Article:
“People used to be very conscious about even drinking enough water, as the collected amount would never be sufficient. For them, every drop was precious. “People can make arrangements for temporary shelter using thatch or Tarpaulin. But where will they find water? It was a rude shock for them,” Bhardwaj added.

Water tankers from the Delhi Jal Board (DJB) did not go the area initially as access to the site was difficult. Unlike newer resettlement colonies in Delhi, Savda Ghevra does not have community water stand posts or hand pumps.


Later, the DJB started a tanker service in Savda. But this amount was also not sufficient as there were only two-three tankers for 13 blocks of Savda.

There would be fights between people and a lot of water would get wasted. The frequency of the tankers was also not regular. People were not even able to sleep at night because of the stress related to filling up water the next day.

During Veena Bhardwaj’s first interactions with the community of Savda in 2009, the first and foremost demand of the people was the provision of sufficient water in the colony.

The MHT helped many households with micro-financing to install individual borewells for water. MHT lent the funds in groups of four to six to construct borewells in 2010.

But the DJB water tankers were still relevant in Savda. The relatively limited supply of water from DJB water tankers was used for drinking.

Borewells supplied the other needs since residents found the groundwater to be saline and polluted by fertiliser runoff from surrounding farmland. Nonetheless, it is sometimes used for drinking in cases of shortage.

Hence, the dependency of the people on tankers for drinking water continued. Later, the frequency of the DJB tankers also improved.

While there was no fixed schedule for the water tankers, each household was able to access a DJB water tanker once every two or three days and residents said this provided them sufficient drinking water.

Since 2013, residents were also able to buy drinking water from ‘water ATMs’, water dispensing machines installed across the colony by a private provider contracted by the DJB and Delhi Urban Shelter Improvement Board, as well as a kiosk constructed by a non-profit.

Piped water supply still seemed a distant dream. Through the continuous efforts of the community, the colony finally received piped water connection by 2020.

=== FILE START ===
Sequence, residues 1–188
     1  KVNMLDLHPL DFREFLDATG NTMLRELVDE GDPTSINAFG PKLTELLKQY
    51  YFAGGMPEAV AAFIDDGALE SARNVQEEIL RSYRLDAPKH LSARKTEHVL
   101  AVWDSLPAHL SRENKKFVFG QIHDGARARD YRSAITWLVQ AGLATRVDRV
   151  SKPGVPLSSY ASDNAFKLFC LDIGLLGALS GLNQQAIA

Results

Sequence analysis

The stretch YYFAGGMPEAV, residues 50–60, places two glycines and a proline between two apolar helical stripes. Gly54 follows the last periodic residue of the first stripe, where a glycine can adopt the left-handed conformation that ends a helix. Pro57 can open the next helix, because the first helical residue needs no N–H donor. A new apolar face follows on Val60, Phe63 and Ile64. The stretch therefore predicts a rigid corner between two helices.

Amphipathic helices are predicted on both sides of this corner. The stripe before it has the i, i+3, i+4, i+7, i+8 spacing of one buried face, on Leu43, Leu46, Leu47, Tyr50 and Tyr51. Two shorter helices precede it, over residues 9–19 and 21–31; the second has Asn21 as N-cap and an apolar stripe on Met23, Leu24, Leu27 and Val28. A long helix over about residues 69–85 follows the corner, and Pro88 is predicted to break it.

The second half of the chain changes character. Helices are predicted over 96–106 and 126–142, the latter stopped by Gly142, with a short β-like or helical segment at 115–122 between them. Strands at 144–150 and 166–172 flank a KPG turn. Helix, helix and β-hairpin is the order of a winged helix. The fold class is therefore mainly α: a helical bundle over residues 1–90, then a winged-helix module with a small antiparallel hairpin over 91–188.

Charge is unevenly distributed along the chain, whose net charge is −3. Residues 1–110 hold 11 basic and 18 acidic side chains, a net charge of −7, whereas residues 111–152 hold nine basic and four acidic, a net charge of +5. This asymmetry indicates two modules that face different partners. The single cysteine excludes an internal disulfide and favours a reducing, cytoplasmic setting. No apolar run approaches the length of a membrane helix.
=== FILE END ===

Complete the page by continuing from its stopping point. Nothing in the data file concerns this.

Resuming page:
Uncertainty galore

It should be remembered that this duration of receiving a piped water connection (of approximately 14 years) is even beyond the lease time of their plot, ie 10 years.

“The extension of the lease is unclear, leaving no legal guarantee of protection from another eviction. This could push the residents into a constant cycle of acquiring amenities and then resettling to another site,” Bhardwaj said.

As one of the residents said, “The government will not take us seriously because we are punarvasi (re-settlers) and come from a basti.” Delhi’s JJCs, resettlement colonies and unauthorised colonies are largely without piped water supply.

Delhi’s resettlement colonies lie within the framework of a ‘planned city’. Yet they receive a treatment separate from the planned colonies and are overtaken by informal arrangements.

The policy that established these resettlement colonies was designed to impose a measure of planning, provide basic services and shape settlements in contrast to the JJCs they replaced.

Despite this intention, these colonies remain clearly outside the ambit of ‘planned colonies’, and most have received basic services only years after resettlement. It is high time that the state start looking into the housing provision seriously.

Resettlement must ensure the protection of the affected persons’ human rights to adequate housing, land, work / livelihood, food, water, security of the person and home, health, education and information.

This should be true in a new location or if these people return to their original locations. It should take place through a voluntary, participatory, transparent and time-bound process, which guarantees the protection of their right to live with dignity. 

Views expressed are the author’s own and don’t necessarily reflect those of Down To Earth